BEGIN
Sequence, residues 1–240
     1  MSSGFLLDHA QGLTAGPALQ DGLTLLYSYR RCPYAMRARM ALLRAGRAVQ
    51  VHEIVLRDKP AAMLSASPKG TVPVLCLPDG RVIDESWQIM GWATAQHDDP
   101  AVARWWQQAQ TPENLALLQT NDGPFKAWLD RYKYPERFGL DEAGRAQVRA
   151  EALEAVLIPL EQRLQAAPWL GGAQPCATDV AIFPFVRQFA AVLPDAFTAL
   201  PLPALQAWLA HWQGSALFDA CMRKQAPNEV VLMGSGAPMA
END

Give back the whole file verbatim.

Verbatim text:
Sequence, residues 1–240
     1  MSSGFLLDHA QGLTAGPALQ DGLTLLYSYR RCPYAMRARM ALLRAGRAVQ
    51  VHEIVLRDKP AAMLSASPKG TVPVLCLPDG RVIDESWQIM GWATAQHDDP
   101  AVARWWQQAQ TPENLALLQT NDGPFKAWLD RYKYPERFGL DEAGRAQVRA
   151  EALEAVLIPL EQRLQAAPWL GGAQPCATDV AIFPFVRQFA AVLPDAFTAL
   201  PLPALQAWLA HWQGSALFDA CMRKQAPNEV VLMGSGAPMA